One of the charges legal experts thought would most likely get Rittenhouse some time in prison for - possession of a dangerous weapon - was dismissed by Schroeder after the defense found a "legal loophole," which only prevented minors from owning short-barrelled rifles. That law is adopted in Wisconsin, and Kyle's rifle was an AR-15, a long-barrelled rifle.
The courtroom under Schroeder was unbelievably chaotic, with an unusual amount of shouting, putting his professionalism up for question.
And lastly, during the cross-examination, the judge's phone rang to the ringtone of "God Bless the USA." The song is a patriotic song popular among conservatives in the US and was used many times as Donald Trump's entrance theme during his rallies, which also reflected the judge's most probable political stance towards the cause for which Huber and Rosenbaum died - BLM.
The murderous teenager did not shy away from putting his complexion and white tears to use, as they must have garnered the judge and the jury's sympathy, especially that his skin color matched theirs.
Kyle played the victim card shortly after getting on the stand, on which he shed crocodile tears and claimed Rosenbaum had "ambushed" him, arguing self-defense.
The judge gave Rittenhouse a 10-minute break to compose himself. But were his victims given a break before he shot them?
Kyle's testimony saw him reiterating what he said during the aforementioned interview before the attack. He also argued self-defense when it came to his murder of two men and the wounding of a third. "I did nothing wrong," he boldly claimed.
There isn't much to address in Kyle's testimony, for in the court, he was not the one at fault as much as the defense team, the jurors, and the judge, and looking at recordings of the testimony, one could easily predict the defense had coached Rittenhouse on what to say.
All in all, the trial was very disappointing, especially with how the judge was too stern against the prosecution while being too lenient in favor of the defense and, well, the end result, Kyle's acquittal.
By acquitting Rittenhouse, the US justice system committed a crime against his victims, allowing them to be perceived as terrorists for trying to stop him from putting somebody in harm's way while designating him a "hero" for "protecting property."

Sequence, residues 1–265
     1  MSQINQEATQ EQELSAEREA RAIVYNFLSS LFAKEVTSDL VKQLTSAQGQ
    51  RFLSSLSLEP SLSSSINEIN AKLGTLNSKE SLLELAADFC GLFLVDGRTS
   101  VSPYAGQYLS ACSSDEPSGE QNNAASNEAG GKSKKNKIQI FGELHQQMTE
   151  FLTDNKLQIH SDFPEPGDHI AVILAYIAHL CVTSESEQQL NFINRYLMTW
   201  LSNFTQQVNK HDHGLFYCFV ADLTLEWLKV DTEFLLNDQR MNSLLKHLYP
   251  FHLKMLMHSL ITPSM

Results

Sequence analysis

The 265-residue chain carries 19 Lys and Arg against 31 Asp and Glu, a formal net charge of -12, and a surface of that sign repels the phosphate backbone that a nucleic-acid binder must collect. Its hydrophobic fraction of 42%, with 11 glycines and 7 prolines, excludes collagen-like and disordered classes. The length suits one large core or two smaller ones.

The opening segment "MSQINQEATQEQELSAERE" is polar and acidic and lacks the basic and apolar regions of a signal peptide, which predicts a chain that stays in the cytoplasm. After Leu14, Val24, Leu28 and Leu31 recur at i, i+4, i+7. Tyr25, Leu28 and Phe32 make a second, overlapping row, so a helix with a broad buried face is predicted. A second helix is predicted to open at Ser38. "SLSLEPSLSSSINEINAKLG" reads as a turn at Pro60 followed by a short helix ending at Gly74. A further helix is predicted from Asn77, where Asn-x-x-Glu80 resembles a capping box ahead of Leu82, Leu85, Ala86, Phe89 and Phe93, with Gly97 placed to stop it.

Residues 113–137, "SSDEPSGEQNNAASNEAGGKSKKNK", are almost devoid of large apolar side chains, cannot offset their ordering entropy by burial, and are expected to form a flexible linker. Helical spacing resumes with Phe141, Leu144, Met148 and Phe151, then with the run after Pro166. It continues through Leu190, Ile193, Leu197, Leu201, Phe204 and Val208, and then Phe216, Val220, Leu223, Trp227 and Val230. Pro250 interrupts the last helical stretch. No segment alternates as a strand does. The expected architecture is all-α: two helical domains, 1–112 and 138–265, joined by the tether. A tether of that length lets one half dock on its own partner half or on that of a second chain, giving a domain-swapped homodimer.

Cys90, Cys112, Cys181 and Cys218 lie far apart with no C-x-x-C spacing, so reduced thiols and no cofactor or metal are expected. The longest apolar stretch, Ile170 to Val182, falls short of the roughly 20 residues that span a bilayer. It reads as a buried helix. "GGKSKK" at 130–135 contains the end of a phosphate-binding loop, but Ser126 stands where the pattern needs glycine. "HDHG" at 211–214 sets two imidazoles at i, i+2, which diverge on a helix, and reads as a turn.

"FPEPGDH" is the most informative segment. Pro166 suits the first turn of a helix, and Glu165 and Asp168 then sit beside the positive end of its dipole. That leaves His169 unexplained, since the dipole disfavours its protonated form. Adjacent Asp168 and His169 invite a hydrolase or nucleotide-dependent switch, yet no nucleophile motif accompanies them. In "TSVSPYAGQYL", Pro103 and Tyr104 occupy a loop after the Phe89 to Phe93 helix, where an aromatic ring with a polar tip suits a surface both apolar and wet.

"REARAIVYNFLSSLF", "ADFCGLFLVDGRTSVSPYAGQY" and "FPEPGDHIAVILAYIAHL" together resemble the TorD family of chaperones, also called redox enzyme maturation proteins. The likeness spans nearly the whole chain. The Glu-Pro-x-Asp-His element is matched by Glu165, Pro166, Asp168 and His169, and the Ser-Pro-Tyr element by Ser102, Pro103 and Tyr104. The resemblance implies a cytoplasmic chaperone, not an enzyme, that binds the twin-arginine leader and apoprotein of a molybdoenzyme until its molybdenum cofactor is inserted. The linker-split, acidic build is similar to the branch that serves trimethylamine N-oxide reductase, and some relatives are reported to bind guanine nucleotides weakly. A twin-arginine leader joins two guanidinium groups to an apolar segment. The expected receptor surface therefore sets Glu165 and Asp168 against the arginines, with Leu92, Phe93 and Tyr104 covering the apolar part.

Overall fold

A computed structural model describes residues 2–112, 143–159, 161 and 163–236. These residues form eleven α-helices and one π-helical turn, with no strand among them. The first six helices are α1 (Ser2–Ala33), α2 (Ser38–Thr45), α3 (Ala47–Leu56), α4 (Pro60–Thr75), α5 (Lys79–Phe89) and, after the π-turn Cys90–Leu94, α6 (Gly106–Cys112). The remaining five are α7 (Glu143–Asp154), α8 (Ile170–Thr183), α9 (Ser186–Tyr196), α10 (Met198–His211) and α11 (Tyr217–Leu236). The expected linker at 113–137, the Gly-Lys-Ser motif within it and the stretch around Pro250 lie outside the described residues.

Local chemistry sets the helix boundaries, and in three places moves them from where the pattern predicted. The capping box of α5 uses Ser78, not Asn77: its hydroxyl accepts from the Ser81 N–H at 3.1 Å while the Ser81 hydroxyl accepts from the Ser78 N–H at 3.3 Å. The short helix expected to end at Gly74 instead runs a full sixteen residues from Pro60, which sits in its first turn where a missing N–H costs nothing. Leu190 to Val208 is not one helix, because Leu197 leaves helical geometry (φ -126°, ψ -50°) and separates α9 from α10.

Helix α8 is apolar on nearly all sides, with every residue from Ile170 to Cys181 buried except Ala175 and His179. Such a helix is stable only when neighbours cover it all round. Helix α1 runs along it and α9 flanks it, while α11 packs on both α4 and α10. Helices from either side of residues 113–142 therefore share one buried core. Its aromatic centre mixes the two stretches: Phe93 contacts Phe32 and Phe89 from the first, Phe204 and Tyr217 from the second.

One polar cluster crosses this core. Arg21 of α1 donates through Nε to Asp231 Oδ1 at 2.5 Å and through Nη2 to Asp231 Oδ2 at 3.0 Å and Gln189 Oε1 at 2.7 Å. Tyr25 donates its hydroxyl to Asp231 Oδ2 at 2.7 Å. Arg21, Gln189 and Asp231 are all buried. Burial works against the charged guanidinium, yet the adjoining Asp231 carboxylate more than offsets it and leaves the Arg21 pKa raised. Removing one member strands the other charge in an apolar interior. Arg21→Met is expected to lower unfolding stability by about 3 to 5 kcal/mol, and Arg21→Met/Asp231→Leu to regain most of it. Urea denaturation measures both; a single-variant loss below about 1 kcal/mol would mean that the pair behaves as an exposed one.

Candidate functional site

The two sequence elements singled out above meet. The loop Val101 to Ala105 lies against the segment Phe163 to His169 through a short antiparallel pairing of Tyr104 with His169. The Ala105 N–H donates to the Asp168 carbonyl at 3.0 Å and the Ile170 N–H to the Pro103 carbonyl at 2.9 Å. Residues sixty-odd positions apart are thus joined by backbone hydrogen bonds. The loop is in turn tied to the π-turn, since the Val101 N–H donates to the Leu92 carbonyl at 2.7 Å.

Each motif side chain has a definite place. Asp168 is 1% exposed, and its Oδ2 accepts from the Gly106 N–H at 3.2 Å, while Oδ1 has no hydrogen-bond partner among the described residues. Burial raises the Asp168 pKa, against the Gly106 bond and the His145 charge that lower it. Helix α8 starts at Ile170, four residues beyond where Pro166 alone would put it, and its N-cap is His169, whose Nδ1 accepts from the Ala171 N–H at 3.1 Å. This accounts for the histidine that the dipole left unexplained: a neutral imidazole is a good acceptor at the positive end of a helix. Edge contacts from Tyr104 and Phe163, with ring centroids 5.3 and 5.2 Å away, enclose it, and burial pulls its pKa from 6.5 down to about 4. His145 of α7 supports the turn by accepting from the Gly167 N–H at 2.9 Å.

This goes to show that the justice system in question sees defending property as a valid cause for murder while perceiving protesting against systemic racism and police brutality as a crime.
Rittenhouse went on to become an icon for the far-right in the United States, those of them who oppose Black Lives Matter and the protests that went on calling for racial equality. Those who want to have guns in their holsters all the time in case "the government tries to oppress them" do not want others to protest because of the same reason: government-sponsored oppression.
Kyle garnered support from the radical right in America and its leaders, such as Marjorie Taylor Greene. Greene went as far as pushing for rewarding Kyle a gold Congressional Gold Medal for "protecting the community of Kenosha, Wisconsin, during a Black Lives Matter (BLM) riot on August 25, 2020." Not only that, but GOP congressmen have offered Rittenhouse an internship following this fiasco, seeing him as some sort of validation for their conservative cause.
Those congressmen include Rep. Madison Cawthorn, Rep. Lauren Boebert, and Rep. Matt Gaetz.
The American right went out on protests to support Kyle Rittenhouse, surprisingly not solely because of his race but because to them, his acquittal was a tool they could use to champion "gun rights" in a country where gun-related killings constitute 73% of all homicides.
Finally, when Donald Trump, a man notorious for his racism and obstruction of justice, not only congratulates you but hosts you in his resort in Florida in celebration, you're probably in the wrong.